data paths reflected this. Typically, such machines were horizontally microprogrammed,and their programmability came as an afterthought; the read-only control store was re-placed by a writeable one. In effect, these processors were like special-purpose ASICswith a thin veneer of programmability. However, in one important respect these ma-chines were already taking the first step towards VLIW in that the operations that theyexecuted were not micro-operations but, rather, operations such as floating-point adds andmultiplies.

    The first-generation of VLIW processors1 were motivated by the specific goal of cleaningup the architecture of the attached processor sufficiently to make it possible to write goodcompilers [8, 9]. Such processors typically had higher levels of instruction-level parallelism(ILP), more registers, and a relatively regular interconnect between the registers and thefunctional units. Furthermore, the operations were RISC-like (in that their sources anddestinations were registers), not micro-operations (which merely source or sink theiroperands from or to buses). Recently, with increasing levels of integration, DSPs have begunto appear that have a VLIW architecture [10, 11]. This current generation of embeddedVLIW processors reflects the state of the art of VLIW in the mini-supercomputer space adecade ago [12, 13]. In the meantime, VLIW has continued to evolve into an increasinglygeneral-purpose architecture, providing high levels of ILP and incorporating a number ofadvanced features [14, 15]. This evolved style of VLIW is termed EPIC (Explicitly ParallelInstruction Computing). Our current research is based on the belief that the EPIC style ofarchitecture will show up in embedded DSPs a few years down the road. In the rest of thispaper, we shall use the term EPIC to include VLIW as well.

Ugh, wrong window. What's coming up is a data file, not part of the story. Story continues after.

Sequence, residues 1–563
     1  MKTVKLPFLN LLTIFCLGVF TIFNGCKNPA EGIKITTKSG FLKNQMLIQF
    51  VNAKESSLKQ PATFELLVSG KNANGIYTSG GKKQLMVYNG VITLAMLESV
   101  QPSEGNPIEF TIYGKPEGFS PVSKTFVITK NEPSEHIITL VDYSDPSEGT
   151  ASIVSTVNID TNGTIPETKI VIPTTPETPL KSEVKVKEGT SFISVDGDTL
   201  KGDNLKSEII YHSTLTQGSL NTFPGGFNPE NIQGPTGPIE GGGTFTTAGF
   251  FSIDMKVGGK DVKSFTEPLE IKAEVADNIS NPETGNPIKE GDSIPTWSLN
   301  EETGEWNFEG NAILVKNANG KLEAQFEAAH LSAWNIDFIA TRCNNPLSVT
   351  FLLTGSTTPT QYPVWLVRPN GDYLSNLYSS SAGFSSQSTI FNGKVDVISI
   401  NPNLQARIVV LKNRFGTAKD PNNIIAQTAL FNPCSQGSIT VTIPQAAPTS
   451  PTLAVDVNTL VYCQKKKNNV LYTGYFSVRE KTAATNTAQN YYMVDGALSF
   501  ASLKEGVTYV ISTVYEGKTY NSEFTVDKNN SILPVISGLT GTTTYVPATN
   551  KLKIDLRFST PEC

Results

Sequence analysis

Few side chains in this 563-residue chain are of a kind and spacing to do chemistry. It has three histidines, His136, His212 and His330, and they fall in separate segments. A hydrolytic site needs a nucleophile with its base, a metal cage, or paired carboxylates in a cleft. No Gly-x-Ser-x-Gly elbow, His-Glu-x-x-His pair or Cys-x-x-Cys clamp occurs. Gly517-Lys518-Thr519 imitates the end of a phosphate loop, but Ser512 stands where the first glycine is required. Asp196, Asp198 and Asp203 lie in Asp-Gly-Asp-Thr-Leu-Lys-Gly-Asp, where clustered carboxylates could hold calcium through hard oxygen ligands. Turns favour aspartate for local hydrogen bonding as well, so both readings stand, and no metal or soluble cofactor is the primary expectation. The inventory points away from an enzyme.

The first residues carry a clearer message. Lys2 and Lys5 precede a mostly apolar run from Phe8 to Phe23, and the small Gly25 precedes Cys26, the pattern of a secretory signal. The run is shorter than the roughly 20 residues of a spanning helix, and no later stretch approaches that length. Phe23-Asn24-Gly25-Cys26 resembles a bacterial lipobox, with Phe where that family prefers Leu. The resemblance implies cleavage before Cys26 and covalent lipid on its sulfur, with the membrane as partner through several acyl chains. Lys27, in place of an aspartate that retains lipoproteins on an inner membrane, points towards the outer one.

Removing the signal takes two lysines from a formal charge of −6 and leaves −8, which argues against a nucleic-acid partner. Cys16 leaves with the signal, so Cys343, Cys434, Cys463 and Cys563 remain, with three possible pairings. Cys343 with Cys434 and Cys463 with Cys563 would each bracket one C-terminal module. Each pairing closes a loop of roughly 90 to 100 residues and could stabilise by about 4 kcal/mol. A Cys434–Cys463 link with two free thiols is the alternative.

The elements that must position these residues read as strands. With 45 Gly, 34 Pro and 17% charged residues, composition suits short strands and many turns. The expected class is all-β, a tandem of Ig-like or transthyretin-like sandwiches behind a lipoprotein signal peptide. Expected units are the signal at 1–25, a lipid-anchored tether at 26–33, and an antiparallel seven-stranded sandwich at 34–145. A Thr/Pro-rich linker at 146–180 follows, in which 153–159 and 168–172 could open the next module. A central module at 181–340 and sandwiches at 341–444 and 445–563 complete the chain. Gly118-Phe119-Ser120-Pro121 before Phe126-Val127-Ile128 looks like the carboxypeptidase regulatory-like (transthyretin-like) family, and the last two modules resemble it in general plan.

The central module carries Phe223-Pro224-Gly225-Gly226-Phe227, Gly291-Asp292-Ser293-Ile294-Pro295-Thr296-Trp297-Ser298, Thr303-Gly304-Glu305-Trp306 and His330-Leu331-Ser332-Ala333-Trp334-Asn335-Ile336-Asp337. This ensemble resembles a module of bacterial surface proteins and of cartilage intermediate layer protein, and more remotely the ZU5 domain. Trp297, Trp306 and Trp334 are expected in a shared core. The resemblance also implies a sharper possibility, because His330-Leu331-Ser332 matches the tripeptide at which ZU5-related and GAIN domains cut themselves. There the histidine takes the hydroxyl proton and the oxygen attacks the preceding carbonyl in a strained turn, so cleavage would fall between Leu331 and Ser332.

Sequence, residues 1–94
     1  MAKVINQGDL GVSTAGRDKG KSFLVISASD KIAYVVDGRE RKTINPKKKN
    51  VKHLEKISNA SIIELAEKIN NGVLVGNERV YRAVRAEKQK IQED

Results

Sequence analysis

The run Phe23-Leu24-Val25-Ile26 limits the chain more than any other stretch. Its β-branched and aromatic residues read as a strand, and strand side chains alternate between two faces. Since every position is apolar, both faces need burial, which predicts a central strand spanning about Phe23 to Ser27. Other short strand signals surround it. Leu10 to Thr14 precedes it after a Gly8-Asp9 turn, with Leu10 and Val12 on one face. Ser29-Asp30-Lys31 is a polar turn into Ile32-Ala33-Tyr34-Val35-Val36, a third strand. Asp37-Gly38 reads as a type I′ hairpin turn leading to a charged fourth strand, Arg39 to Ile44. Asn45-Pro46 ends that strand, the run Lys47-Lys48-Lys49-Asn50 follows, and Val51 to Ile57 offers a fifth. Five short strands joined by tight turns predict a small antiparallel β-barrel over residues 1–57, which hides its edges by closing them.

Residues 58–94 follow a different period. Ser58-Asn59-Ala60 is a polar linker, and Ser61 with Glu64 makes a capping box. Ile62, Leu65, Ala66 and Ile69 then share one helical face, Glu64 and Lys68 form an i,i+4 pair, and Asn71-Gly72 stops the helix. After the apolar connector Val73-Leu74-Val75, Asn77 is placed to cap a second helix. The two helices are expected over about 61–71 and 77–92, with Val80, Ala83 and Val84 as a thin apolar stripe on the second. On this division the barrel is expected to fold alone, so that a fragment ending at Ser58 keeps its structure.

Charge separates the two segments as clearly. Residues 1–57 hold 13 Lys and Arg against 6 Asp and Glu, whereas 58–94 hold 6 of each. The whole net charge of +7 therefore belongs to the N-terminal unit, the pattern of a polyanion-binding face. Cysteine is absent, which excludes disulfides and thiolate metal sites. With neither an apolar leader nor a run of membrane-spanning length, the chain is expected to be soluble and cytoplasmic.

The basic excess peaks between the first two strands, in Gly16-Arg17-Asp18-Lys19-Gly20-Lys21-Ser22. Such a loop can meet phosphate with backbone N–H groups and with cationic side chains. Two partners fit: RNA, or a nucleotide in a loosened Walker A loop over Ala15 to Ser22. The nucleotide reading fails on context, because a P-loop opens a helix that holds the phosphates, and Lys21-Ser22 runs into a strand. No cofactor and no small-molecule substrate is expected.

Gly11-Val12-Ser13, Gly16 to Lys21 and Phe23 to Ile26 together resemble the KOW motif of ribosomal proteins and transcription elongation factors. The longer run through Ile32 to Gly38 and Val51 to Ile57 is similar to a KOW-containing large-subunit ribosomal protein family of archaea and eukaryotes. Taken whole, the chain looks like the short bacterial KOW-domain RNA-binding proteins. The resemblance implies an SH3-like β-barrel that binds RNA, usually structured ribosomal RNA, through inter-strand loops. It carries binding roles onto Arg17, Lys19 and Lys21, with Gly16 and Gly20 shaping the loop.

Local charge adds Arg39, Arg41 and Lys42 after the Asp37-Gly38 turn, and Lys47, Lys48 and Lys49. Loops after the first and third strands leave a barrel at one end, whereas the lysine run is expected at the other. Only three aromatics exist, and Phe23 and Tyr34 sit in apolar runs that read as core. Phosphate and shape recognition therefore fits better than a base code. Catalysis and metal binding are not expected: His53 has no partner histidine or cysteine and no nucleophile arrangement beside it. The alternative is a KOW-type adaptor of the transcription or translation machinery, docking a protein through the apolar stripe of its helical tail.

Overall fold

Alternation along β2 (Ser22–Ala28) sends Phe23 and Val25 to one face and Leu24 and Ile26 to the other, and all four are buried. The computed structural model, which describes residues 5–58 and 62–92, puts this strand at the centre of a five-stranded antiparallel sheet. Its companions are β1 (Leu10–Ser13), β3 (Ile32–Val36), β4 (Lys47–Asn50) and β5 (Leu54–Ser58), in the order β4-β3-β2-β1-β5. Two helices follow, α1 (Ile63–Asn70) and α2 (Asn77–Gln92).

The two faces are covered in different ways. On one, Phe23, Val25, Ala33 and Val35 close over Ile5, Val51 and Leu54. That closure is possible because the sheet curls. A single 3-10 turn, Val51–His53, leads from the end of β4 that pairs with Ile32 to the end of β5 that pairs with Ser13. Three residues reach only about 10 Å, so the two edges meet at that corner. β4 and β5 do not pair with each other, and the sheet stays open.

For EPIC processors, since the primary focus is on achieving high levels of ILP, the mostimportant compiler task is to achieve as short a schedule as possible. The scheduler andregister allocator are, therefore, the key modules. These two topics have received a greatdeal of attention over the years in many research communities, resulting in a vast body ofliterature. In this paper, we are concerned not with the scheduling and register allocationalgorithms but with the information that EPIC compilers need about the processor for whichthey are performing these function. The identification of this information makes it possibleto write table-driven EPIC compilers which have no detailed assumptions regarding theprocessor built into the code.

    Instead, such a compiler makes queries to a machine-description database (mdes) whichprovides the information needed by the compiler about the processor. Such a compiler canbe retargeted to different EPIC processors by changing the contents of this database, despitethe fact that the processors vary widely, including in the number of functional units, theirpipeline structure, their latencies, the set of opcodes that each functional unit can execute,the number of register files, the number of registers per register file, their accessibilityfrom the various functional units and the busing structure between the register files and thefunctional units.